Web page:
How Can AR/VR Benefit the Construction Industry?

Application of AR/VR in the construction industry

Even though innovation has played a major role in the progress of the construction industry, companies have been slow to adopt new technologies. Can the arrival of augmented and virtual reality buck this trend and, most importantly, what will happen as a result?

Augmented and virtual reality (AR/VR) allows architects to take their designs to a whole new plane, opening up far-reaching opportunities for the construction industry.

According to current projections, worldwide construction spending will reach $15.5 trillion by 2030. By 2028, when its market share is expected to reach $250 billion, AR/VR technology could completely change the entire market.

Meanwhile, the newest AR/VR technologies can cut building costs by up to 90% and save the construction industry up to $15.8 billion through preventing mistakes caused by insufficient or inaccurate data.

The building industry has made steady advances toward more technologically advanced processes. AR and VR are built on top of existing technologies to give construction teams more information and help them plan better.

Read on to learn more about how AR/VR technology can be used in the construction industry and improve its workflows.

What are the pros and cons of AR/VR in construction?

Construction companies that successfully adopt and integrate new technologies gain a competitive edge. That’s why AR/VR technology has the potential to take innovators to the next level. However, AR/VR needs to gain traction before we see it in wider use. Let’s now look at these tools’ main benefits and drawbacks.

As for benefits, leveraging AR/VR tools for the construction market can:

  • Lower development costs and reduce time

Construction companies can employ AR/VR technology to plan a project from beginning to end, streamline the processes involved in most building projects, and decrease guesswork, thus saving time and money while providing substantial design insights to clients and architects, and ensuring that everyone is on the same page.

  • Enable training safety

The construction sector operates in a high-risk field, but thanks to VR-based training solutions, professionals can recreate real-life events in a fully immersive, risk-free environment.

  • Improve collaboration and communication

VR tools ensure a more transparent project development process and more productive partnerships.

At the same time, there are still some limitations:

  • Weather-sensitive equipment and static environment

Equipment is frequently exposed to adverse weather and performs best when the environment remains largely unchanged.

  • The need for strong internet connection

While augmented reality apps can work offline, real-time collaboration won’t be possible without the internet.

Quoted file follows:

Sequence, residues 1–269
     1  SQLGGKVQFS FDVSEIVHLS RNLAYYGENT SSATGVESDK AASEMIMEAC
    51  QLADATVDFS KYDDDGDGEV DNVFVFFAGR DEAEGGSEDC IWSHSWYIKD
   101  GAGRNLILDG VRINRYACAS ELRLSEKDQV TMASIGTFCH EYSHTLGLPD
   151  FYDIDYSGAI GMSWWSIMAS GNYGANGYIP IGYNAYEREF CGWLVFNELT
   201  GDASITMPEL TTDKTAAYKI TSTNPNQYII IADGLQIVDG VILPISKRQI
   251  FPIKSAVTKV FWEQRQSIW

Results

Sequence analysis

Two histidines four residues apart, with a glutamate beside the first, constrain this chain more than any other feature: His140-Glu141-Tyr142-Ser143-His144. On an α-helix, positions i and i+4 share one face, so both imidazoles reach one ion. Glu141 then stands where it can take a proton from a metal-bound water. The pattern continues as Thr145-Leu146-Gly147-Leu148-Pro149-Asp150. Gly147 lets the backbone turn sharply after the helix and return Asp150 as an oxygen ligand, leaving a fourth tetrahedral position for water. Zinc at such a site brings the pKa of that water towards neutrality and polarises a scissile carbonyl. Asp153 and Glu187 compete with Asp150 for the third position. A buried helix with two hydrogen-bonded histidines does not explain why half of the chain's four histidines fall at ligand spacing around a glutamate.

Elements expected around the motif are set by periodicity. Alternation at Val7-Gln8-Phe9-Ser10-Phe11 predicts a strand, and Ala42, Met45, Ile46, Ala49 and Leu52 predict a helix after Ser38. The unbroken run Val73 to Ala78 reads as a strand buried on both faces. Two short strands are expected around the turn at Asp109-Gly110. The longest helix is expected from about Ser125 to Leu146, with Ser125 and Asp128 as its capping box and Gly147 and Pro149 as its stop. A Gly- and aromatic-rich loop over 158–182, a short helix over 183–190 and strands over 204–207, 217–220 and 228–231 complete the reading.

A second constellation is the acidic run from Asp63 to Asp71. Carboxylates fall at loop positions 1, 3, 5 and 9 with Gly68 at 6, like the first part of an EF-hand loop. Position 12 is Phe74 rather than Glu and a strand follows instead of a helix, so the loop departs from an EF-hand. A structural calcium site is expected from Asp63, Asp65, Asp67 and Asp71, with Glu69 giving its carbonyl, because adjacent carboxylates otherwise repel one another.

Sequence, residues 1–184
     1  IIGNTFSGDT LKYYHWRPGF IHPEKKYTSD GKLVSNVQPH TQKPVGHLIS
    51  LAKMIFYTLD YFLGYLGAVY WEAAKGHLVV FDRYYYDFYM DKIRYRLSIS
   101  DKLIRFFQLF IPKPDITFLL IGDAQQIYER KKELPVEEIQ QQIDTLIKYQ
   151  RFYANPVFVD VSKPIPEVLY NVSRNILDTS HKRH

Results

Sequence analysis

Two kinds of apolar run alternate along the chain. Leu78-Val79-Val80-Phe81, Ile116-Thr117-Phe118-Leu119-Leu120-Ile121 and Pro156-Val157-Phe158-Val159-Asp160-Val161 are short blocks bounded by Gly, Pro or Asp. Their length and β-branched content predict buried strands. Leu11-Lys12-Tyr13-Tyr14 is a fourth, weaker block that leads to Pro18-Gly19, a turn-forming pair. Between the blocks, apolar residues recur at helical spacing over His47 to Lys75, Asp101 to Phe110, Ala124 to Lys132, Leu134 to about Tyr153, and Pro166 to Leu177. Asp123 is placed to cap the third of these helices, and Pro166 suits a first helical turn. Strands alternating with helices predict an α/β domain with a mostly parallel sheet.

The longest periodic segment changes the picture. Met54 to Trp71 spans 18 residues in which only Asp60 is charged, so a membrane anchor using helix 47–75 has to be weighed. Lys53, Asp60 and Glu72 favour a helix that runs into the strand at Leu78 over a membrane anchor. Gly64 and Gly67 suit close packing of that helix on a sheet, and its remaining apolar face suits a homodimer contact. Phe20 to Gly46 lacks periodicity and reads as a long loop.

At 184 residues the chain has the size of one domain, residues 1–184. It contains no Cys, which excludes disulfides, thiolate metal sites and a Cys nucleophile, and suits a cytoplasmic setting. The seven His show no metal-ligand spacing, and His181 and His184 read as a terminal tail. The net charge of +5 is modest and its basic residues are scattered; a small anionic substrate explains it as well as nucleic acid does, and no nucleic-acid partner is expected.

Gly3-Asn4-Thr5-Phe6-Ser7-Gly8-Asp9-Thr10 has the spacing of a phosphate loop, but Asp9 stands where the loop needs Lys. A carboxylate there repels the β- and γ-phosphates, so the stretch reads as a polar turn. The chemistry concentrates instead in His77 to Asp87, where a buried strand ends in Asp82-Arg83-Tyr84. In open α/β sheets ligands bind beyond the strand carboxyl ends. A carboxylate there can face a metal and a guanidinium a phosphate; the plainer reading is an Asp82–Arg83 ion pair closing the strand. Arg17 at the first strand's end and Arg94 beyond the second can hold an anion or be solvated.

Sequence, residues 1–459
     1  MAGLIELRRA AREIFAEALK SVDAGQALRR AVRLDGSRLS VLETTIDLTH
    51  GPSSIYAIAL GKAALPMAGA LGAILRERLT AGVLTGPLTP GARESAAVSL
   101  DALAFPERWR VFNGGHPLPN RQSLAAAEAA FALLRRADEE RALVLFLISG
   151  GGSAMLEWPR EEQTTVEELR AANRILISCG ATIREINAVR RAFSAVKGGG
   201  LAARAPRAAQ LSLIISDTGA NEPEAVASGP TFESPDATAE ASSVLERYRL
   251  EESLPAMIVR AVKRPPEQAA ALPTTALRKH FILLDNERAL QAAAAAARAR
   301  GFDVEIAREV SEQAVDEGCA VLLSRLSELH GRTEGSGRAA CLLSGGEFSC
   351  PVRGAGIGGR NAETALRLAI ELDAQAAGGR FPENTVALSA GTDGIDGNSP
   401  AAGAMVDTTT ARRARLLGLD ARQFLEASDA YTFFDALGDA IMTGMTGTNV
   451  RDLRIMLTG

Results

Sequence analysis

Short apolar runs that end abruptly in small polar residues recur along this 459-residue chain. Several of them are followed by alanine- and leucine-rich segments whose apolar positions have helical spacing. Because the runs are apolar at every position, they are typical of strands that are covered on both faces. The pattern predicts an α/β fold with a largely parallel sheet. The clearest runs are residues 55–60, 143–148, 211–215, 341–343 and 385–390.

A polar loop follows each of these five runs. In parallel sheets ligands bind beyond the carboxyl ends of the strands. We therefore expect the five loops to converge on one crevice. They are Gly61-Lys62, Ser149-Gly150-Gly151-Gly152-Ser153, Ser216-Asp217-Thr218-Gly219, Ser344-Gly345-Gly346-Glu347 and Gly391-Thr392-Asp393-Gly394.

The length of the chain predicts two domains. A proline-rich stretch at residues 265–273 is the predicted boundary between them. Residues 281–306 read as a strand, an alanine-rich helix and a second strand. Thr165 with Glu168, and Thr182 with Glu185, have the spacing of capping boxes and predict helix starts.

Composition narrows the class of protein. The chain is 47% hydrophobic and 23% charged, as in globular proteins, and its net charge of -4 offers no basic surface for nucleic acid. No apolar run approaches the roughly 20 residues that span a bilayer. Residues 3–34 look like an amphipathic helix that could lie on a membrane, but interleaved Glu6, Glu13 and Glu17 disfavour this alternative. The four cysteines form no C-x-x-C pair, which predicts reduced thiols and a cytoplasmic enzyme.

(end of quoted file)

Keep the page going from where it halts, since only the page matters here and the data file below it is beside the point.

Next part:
• The necessity of learning curve

A new application like AR comes with a learning curve that may prevent companies from investing in the technology. But with the advent of open-source mobile toolkits for AR, the cost of developing augmented reality apps is decreasing, and small-to-medium businesses have begun to reap the benefits of AR building.

Check out our portfolio of AR/VR-powered applications

How can AR enhance the construction processes?

AR apps can see and interpret the outside world in real-time to project images onto it, bringing outstanding gains for the construction industry.

Furthermore, 3D blueprints help project teams to avoid errors and troubleshoot problem areas before the start of construction work. Teams can quickly understand where everything will be built, from ducting to pipes, columns, windows, and access points. This way, it is easier to make changes before, during, and after the project.

While most projects are still in the planning stages, they are moving on rapidly. Martin Bros is forging ahead with comprehensively simulated construction. Floor plans created via a 3D model that acts as the AR interface is an example of the types of projects that have been in the works since 2016.

How does VR change the construction workflows?

Construction is up against increased demand for building efficiency, putting more pressure on architects and designers to pinpoint potential issues early on in the planning stages of the building process. At the same time, virtual reality technology provides a practical planning and rendering tool. Developers are widely using it to review real 3D realizations of architectural designs.

Using a combination of BIM technology and immersive VR headsets, architects and designers can get a better sense of a space before it physically exists and can therefore better plan out their approach to building it.

Moreover, the technology allows firms to make a more compelling case when bidding for a new project: they can take the stakeholders on a virtual tour of the future space instead of presenting a 2D rendering or a model.

AR/VR in construction: key use cases

Construction is not a single process but a series of stages to go through to complete a project. The VR/AR approach is unique in that it is not confined to a single step or setting, and it can be used to solve the problems faced by a variety of specialists in this sector. Let’s take a closer look.

Project planning/preparation

Using AR/VR for project planning

The value of AR/VR technology in construction begins in the planning and permission stages. Combined with 3D modeling software and BIM, construction companies can produce detailed, interactive models of building projects and present them to clients from the outset of a project.

It is critical to ensure that your project plan aligns with the stakeholders’ requirements. Morpholio is an example of an app that architects can use to design the project by incorporating CAD in the planning phase.

Monitoring real-time project data

Incorporating all the digital information and documentation of a project with its physical location is one of the significant benefits of using AR technology in construction. The technology can help users to access and visualize data such as the location, style, and type of additions to the building shell, ranging from architectural components such as windows and doors to MEP elements like ducts and pipes.